NEW DELHI, September 04 : A mobile app supported system developed
by an Indo-Australian team to help identify and better manage people at high
risk of cardiovascular disease has been shown to be beneficial in a study
conducted in rural communities in Indonesia. The application was developed in Australia
and piloted in India. It is now being taken to other countries.
The study showed
that in community where the system is being used, 15% of patients with high
risk for the disease were taking medications to manage their risk factors at
follow up, compared to just one percent in
`control’ villages where the system is yet to be used.
Lead author of
the study and Chief Scientist at The George Institute for Global Health,
Professor Anushka Patel said,
has the potential to improve the lives of tens of millions of people,
particularly in low to middle-income countries where cardiovascular disease (CVD)
is on the rise. It is estimated to be the cause of one-third of all deaths in
Indonesia in 2016. But, data suggests that less than one-third of those with
moderate to high risk for the disease received any preventive care”.
the mobile device-based clinical decision support system allows
community health workers to assess the risks of getting cardiovascular disease using
basic equipment and refer those at high risk to nurses or physicians for
The George Institute for Global Health, the system is being evaluated for a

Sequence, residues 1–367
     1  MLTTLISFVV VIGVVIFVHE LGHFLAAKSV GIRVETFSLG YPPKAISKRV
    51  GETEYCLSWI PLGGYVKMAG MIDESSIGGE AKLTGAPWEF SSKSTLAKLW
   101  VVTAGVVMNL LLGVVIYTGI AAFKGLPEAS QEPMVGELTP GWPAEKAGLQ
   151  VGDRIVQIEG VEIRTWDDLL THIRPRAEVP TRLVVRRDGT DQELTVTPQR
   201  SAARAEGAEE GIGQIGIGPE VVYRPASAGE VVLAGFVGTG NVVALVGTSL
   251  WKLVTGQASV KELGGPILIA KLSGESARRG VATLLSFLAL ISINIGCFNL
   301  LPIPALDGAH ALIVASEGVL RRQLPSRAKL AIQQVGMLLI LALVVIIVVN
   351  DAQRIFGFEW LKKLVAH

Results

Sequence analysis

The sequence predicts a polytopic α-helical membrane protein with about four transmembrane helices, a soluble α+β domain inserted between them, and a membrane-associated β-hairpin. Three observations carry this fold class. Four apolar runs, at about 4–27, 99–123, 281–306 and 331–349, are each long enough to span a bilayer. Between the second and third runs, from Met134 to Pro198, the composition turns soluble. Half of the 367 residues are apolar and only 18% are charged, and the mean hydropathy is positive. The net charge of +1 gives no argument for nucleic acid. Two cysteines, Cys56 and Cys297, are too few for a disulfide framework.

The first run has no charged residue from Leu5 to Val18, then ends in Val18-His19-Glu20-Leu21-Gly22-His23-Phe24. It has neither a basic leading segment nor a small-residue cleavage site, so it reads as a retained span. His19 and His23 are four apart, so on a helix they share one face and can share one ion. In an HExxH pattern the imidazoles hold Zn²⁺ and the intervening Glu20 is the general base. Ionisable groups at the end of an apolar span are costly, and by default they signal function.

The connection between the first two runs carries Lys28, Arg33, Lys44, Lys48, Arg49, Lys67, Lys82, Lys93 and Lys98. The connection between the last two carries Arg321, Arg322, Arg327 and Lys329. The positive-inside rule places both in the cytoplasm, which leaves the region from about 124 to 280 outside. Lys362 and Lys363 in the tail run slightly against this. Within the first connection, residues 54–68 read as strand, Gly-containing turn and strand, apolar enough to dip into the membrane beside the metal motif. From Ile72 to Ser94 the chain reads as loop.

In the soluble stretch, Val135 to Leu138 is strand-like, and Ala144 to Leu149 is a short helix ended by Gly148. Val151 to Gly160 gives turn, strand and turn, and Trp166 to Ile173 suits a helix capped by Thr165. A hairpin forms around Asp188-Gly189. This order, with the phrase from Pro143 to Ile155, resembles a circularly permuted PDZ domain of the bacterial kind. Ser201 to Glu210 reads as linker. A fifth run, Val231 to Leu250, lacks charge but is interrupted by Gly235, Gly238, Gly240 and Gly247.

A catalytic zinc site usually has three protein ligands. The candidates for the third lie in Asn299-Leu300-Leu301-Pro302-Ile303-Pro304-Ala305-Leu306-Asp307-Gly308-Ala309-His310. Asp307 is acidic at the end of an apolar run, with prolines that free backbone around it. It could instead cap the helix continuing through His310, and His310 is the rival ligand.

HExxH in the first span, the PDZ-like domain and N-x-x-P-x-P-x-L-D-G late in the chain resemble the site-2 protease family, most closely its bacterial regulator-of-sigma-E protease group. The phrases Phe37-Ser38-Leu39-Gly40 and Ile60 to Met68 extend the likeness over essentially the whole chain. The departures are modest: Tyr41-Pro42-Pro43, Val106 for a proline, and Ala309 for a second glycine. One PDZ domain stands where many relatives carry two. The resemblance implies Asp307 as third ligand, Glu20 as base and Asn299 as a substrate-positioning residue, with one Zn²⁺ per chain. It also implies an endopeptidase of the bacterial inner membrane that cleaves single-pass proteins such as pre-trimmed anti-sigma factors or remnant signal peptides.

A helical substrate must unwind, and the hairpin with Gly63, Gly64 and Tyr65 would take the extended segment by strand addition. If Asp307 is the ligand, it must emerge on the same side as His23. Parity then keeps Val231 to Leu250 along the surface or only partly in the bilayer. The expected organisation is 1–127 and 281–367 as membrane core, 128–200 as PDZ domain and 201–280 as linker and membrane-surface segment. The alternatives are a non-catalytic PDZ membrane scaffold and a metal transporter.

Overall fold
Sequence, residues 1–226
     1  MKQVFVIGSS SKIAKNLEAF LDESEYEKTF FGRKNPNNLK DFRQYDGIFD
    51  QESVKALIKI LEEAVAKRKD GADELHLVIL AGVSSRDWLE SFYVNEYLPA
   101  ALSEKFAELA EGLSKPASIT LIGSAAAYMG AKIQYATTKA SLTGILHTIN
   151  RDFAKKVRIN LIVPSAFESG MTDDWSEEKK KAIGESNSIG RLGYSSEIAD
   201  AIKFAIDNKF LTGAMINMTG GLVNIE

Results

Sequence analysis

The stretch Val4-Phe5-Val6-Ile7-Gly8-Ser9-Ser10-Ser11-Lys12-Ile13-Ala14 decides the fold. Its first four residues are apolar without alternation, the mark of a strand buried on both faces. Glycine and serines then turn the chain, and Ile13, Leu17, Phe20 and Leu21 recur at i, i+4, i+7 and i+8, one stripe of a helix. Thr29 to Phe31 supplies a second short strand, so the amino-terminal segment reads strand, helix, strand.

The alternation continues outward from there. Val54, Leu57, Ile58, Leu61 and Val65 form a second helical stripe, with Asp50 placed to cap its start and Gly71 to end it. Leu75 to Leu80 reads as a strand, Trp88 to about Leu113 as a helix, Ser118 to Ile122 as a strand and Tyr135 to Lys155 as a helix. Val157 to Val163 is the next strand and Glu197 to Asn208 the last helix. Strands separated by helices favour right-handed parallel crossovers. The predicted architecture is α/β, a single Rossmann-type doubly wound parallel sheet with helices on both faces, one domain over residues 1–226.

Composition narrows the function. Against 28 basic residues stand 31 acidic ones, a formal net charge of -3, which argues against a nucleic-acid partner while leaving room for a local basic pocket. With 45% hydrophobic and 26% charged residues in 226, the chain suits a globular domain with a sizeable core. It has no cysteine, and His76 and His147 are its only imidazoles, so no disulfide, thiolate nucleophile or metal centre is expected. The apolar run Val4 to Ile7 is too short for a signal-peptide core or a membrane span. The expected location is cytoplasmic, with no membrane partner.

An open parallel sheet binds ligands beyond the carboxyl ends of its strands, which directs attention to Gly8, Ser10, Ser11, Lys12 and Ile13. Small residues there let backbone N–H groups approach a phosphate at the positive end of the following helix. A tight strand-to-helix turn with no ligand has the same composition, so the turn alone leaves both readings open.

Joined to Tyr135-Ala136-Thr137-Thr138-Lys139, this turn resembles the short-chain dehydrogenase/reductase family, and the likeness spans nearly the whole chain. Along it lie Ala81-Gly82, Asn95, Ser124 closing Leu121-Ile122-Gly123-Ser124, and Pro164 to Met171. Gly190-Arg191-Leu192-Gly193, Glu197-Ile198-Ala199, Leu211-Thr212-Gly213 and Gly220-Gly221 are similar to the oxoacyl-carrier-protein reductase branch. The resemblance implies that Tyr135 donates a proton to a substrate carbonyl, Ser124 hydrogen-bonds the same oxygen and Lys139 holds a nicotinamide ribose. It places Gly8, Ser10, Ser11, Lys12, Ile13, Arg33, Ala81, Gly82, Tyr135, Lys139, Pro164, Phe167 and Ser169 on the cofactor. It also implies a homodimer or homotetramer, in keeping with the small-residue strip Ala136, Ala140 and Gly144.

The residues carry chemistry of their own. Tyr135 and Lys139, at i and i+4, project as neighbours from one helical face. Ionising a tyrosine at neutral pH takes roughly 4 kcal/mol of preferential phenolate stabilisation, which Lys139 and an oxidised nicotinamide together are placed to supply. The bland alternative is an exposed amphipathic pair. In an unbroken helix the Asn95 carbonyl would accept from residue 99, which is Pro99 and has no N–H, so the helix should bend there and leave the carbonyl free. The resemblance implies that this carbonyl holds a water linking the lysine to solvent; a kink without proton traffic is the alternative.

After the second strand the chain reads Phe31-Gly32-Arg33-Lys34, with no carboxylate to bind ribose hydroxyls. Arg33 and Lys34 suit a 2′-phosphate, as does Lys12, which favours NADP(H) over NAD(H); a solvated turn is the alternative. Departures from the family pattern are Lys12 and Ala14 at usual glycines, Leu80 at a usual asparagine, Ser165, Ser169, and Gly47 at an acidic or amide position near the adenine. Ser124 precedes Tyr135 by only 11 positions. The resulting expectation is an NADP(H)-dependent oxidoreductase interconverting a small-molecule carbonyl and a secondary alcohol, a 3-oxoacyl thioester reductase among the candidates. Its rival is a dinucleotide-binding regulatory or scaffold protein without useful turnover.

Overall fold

range of conditions in China, India, Thailand, and Myanmar. An earlier
pilot study conducted in Bhimavaram in South India and in Haryana in North
India, had shown encouraging results.
present study we deliberately set out to evaluate how effective our technology
platform could be when embedded within the context of a complex local health
system,” said Dr. D. Praveen, the global project director of `SMARThealth’, based
at The George Institute, India.
Indonesian study covered 6,579 individuals living in eight villages in Malang
district, who were identified as being at high risk of cardiovascular disease. Four
of the villages were chosen for the intervention using the app and each of them
was matched with one of four ‘control’ villages that received usual care.
Baseline data was collected in September 2016 and follow up was completed in
March 2018. A report on the study has been
published in JAMA Cardiology.
A press release from George Institute
for Global Health said the Malang district government is now aiming to take the
system to around 400 more villages over the next three years. A consortium of researchers from the
George Institute for Global Health, The University of Brawijaya in Indonesia and
the University of Manchester have been funded by the Australian National Health
and Medical Research Council to provide technical assistance for and to
evaluate the scale-up.
By Jyoti Singh
(India Science Wire)
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